The metal womanifesto has been set in stone now for some 20 years, ever since Doro Pesch headed Warlock towards the halls of the mountain king and Lita Ford kissed herself deadly.

There are female-led hard-rock bands out there that are beyond stellar (see: Heart), some that looked great but lacked punch (see: Drain STH), and some that just set women back to the 1600s (see: Vixen). But despite all of that estrogen-fueled fury, few fem-bands have deigned to strap on Slayer’s armor. Yes, there have been a lot of female protest artists, but Patti Smith quickly got too Eastside-poetess on us, Joni Mitchell just burned out, and the riot grrls have proven better at indie than anything else.

Of course, being a loud and proud lesbian probably helps Otep Shamaya and her backing trio of male minions deliver their thousand pounds of unapologetic napalm sounds. Otep’s latest, The Ascension, is further evidence of the band’s mastery of the genre – the quartet’s two previous albums, Sevas Tra and House of Secrets, garnered much critical acclaim and probably account for the band’s top billings on Ozzfests and European festivals.


The opening gunfire of “Eet The Children” commences the onslaught that runs all the way through the album. “Confrontation” and “Milk of Regret” are both driven by stuttering guitars and over-the-top drum fills, and steered by Shamaya’s caterwauling – part nervous breakdown, part vintage L.A. hardcore, and all filth and fury. Her targets are big and juicy: Washington, D.C., and the power alliance that controls the Wild West show on the Potomac. “March of the Martyrs” and “Noose and Nail” are warnings aimed at the disposable masses, the sheep liable to be sent to slaughter at the touch of a U.S. presidential seal.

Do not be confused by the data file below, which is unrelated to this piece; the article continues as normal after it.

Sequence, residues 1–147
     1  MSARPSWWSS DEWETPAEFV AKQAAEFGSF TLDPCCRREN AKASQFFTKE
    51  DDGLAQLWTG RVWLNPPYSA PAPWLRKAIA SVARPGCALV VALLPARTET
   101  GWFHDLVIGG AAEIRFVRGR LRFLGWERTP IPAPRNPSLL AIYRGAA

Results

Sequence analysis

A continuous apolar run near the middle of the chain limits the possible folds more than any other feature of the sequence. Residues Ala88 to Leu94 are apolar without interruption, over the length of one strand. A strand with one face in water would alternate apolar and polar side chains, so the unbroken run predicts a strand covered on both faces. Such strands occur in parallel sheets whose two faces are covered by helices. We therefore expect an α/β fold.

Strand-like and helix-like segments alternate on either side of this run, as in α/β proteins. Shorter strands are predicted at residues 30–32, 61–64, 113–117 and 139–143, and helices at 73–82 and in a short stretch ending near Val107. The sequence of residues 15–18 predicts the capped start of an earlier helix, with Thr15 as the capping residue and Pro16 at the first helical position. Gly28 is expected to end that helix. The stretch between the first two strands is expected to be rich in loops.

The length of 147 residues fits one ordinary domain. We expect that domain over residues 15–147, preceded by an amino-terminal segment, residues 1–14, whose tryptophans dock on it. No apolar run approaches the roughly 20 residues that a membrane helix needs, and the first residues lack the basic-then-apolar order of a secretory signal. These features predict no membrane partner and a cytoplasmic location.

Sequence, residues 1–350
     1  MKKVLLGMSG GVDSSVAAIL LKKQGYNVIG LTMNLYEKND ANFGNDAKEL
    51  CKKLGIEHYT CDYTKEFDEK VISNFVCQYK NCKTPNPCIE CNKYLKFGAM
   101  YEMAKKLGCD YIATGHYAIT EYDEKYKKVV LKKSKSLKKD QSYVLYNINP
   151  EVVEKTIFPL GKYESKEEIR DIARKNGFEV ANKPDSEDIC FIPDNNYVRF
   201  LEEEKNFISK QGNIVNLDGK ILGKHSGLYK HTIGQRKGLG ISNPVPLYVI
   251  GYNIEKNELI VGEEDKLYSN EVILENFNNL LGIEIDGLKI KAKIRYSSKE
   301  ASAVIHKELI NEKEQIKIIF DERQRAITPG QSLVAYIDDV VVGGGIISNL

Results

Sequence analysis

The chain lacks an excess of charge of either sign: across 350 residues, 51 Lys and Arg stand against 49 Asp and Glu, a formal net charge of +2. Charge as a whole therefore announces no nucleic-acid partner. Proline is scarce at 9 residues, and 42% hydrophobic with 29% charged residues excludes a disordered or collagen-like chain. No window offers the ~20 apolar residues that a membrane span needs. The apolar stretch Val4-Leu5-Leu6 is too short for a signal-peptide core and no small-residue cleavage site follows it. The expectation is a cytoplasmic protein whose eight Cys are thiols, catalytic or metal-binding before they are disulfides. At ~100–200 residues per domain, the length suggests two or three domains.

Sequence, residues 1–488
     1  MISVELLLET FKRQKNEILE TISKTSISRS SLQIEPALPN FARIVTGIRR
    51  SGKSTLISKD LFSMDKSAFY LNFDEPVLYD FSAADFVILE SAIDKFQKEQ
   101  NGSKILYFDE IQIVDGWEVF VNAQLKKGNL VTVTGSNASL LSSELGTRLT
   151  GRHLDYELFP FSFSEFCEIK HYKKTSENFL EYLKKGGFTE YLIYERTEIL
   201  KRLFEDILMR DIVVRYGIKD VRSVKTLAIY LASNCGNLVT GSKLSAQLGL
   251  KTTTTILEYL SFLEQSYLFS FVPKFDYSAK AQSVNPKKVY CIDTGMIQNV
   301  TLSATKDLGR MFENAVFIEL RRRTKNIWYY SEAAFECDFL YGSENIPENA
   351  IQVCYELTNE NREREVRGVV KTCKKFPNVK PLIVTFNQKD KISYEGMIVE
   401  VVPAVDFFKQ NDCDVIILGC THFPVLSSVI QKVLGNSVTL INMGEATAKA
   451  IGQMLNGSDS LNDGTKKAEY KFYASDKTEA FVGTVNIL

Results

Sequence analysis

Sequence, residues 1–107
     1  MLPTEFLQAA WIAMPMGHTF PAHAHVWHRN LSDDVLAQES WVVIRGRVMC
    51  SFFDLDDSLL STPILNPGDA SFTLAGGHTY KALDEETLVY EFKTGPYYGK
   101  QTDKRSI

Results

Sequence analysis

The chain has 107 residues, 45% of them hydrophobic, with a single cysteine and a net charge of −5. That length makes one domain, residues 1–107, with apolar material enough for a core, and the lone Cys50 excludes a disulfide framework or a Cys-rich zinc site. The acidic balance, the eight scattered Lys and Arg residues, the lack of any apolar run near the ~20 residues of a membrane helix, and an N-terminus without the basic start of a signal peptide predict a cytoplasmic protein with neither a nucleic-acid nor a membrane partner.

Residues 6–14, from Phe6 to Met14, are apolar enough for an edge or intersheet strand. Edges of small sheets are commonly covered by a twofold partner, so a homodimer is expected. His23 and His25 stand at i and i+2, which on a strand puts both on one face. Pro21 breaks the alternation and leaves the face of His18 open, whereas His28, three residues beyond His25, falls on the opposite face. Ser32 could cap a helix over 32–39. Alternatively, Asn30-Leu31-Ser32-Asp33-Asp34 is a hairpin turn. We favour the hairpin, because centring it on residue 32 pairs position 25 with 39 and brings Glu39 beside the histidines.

If anything lessens The Ascension and Otep’s power, it’s Shamaya’s delivery. She has the appropriate degree of anguish in her voice but lacks any sense of fluidity. Her one attempt at sirening here, “Perfectly Flawed,” is a wrongheaded mess – she sounds like Christina Aguilera in leather and covered in tattoos. Otep made its name with the minor hit “Warhead,” a song so bent on destruction that it could set your iPod on fire. Though The Ascension is bereft of a “hit,” the CD thunders forward like the concussive waves of a detonated megaton bomb.-Justin Press

The Ascension
(Koch Records)